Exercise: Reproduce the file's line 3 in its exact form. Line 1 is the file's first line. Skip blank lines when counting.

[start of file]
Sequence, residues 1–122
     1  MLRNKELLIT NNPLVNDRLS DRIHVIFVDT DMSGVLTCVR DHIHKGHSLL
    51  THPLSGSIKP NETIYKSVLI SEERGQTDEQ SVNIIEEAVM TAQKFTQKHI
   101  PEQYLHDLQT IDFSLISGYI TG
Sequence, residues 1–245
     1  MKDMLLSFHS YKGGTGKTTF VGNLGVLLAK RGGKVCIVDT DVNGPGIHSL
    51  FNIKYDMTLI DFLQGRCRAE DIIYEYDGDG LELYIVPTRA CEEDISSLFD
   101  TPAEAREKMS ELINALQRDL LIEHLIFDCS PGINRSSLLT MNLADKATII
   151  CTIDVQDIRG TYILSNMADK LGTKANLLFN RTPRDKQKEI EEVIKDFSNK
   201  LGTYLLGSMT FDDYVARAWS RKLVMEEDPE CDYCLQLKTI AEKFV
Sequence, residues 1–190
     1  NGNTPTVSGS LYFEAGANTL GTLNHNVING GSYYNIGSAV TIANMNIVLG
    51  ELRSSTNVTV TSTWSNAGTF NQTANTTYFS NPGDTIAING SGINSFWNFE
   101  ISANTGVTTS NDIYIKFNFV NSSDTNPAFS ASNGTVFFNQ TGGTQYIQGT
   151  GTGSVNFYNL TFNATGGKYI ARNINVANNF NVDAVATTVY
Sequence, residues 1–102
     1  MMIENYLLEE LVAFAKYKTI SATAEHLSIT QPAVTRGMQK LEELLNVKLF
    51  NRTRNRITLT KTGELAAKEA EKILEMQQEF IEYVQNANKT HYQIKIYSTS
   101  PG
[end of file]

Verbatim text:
    51  THPLSGSIKP NETIYKSVLI SEERGQTDEQ SVNIIEEAVM TAQKFTQKHI